Point of Pines Slave Cabin from Edisto Island SC heads to the Smithsonian

Slave Cabin that is headed to the Smithsonian from Edisto Island, SC

Slave Cabin that is headed to the Smithsonian from Edisto Island, SC

The Smithsonian’s National Museum of African American History and Culture has acquired a historic slave cabin from the antebellum period, located at Point of Pines Plantation on Edisto Island, S.C. The museum is currently conducting research on the cabin, the history of the Point of Pines Plantation and the lives of African Americans associated with the site. Additional research assistance has been provided by Lowcountry Africana, a non-profit organization dedicated to African American genealogy in the South.

In late November 2012, the Edisto Island Historic Preservation Society contacted the museum about a cabin located at the Point of Pines Plantation. The cabin was donated to the Preservation Society by the Burnet Maybank family, owners of the Point of Pines Plantation. NMAAHC officially acquired the cabin in April 2013.

On Monday, May 13, a museum contractor will begin to dismantle the cabin from its current site on Edisto Island. The dismantling is estimated to take 8–10 days.

Preliminary Dismantle Schedule
Monday 5/13/13: Marking, tagging and removing non-period material
Tuesday 5/14/13: Removing siding and roofing material
Wednesday 5/15/13: Taking the roof framing down and removing flooring
Thursday 5/16/13: Dismantling the frame of the building
Friday 5/17/13: Packing the pieces of the building
Saturday 5/18/13: Packing finished and heading to the Washington area

Location
Point of Pines Plantation, Edisto Island, St. John’s Colleton Parish, Charleston County (located off Route 174 on Point of Pines Road).

Research
The following are preliminary research results for the slave cabin located at the Point of Pines Plantation. The information provided will help with further research regarding life at the plantation.

The plantation was started by the first settler on Edisto Island, Paul Grimball, in 1674. The plantation was destroyed by Spanish marauders in 1686. The Grimballs re-established the plantation and owned it until Oct. 14, 1789, when Paul Grimball, a descendant of the original owner, with his wife, conveyed the land to Ralph Bailey. The property known as Point of Pines Plantation remained so named after the change in ownership.

Ralph Bailey III was born 1752 on Edisto Island, S.C., and died in 1798 at Point of Pines Plantation, Edisto Island, S.C.

The private register of Rev. Edward Thomas, as the Rector at Trinity Church on Edisto Island, S.C., from 1827 until 1829 includes extensive information on the free and enslaved people affiliated with the Bailey family.

Joshua Grimball, a descendant of Paul Grimball, the original owner of the Point of Pines Plantation, owned enslaved Africans named Wando Pompey, Angolo Ned, Gamboa Sampson, Gamboa George, Angola Sampson, Angola Jack, Cato, Dago and Cudgo. The information regarding the names of the enslaved are based on the estate inventory of Joshua Grimball, dated Jan. 13, 1758, which includes the names of more than 90 enslaved at Point of Pines Plantation.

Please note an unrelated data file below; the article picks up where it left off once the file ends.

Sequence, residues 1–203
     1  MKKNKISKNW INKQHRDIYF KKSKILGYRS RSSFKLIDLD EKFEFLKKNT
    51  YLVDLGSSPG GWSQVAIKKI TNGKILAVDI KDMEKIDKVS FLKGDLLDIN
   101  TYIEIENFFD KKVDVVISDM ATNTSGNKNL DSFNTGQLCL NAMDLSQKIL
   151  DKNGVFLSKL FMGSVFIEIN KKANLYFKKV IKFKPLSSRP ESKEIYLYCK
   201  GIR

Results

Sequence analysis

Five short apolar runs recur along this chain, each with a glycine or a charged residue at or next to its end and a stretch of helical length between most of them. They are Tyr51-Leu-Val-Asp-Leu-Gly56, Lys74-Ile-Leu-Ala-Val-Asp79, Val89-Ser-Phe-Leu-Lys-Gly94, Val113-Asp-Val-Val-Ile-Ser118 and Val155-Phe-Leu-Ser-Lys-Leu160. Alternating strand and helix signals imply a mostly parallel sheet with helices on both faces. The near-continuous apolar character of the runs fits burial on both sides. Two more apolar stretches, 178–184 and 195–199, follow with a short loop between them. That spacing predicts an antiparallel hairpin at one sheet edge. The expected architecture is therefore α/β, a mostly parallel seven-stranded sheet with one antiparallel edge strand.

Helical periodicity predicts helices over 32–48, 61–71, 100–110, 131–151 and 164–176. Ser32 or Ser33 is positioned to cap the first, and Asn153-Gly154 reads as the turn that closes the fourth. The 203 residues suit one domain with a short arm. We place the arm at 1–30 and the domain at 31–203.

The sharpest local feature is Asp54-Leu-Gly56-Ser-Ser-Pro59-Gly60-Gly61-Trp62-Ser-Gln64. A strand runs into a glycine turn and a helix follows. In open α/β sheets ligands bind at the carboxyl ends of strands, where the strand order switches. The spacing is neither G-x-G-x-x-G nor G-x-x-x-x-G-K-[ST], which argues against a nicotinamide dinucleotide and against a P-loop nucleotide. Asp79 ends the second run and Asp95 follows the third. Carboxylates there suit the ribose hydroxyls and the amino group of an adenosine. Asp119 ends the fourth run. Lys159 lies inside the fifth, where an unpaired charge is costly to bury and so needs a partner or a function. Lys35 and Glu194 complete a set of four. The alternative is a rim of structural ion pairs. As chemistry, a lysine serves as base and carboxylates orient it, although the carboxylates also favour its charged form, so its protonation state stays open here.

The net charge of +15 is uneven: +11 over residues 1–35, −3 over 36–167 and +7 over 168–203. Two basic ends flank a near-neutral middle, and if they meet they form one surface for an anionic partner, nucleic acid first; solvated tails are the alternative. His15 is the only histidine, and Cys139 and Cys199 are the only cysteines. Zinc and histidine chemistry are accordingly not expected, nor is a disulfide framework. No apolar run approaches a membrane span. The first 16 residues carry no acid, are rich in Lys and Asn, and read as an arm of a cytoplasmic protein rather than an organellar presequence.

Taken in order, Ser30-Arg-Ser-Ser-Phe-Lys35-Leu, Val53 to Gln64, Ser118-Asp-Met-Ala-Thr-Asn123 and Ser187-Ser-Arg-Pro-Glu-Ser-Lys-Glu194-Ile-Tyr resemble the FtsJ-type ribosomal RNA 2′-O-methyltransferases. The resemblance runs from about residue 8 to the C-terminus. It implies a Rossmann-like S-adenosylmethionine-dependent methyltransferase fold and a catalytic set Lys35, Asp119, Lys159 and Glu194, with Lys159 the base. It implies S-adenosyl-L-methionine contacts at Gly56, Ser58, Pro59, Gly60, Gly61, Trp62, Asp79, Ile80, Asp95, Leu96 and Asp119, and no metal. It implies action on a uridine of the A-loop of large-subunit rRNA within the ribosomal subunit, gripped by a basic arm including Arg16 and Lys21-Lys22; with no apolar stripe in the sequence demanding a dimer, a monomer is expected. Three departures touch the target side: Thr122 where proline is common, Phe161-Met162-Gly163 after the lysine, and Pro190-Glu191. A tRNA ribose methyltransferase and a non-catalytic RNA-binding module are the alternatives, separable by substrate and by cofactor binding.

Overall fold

If you have any artifacts in your family history related to Point of Pines Plantation that might add to this story, please contact toni@lowcountryafricana.com or leave a comment here.

This is such an exciting story!

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I was called to be an artist. And as an old old midwife said to me "If the Lord wants you to do something, you won't have no good luck' til you do." So, here I am, sharing what I love, longing to illuminate the work of art, which is everywhere.

Posted in architecture, Arts & Culture, Gullah, South Carolina History
2 comments on “Point of Pines Slave Cabin from Edisto Island SC heads to the Smithsonian
  1. Chrissy Lapeyre says:

    very cool

  2. It is very moving to see the Edisto slave cabin restored in the African American Smithsonian Museum on the mall in Washington, DC. The sea cotton plantation in SC was one of the first to be freed and Union soldiers encamped there. Descendants of slaves and slave owners came together to help dismantle this remaining slave cabin for the Smithsonian. We can all learn from our history.

    Martha F. Barkley. Charleston, SC

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What’s this?

Welcome to my blog about the Lowcountry of South Carolina, a place proud with beauty, history and art. Sometimes we feel a call, to be, to go, to do. I was called to be an artist, and as an old midwife from Alabama said, “If the good Lord wants you to do something, you won’t have no good luck until you do it.”

So here I am writing about what I know, about the 'under glimmer' as the poet Basho, says, the way I have learned to see, to notice. I am inspired by, and talking about the history and art and culture of this place that has called me to herself. By the ancestors.

My background includes a degree in fine arts from a small private college in Florida, and before that, four years of all girls' boarding school in Asheville. I worked as a professional photographer, helped my children grow up, and now and I love seasoned things, good food, better conversation, beauty, my beloved and beautiful Italian Greyhound, Beau. Moved by the sacred places and stories of this beautiful historic land called the Lowcountry, I am here in spirit and I hope to infect you with my love of this place.

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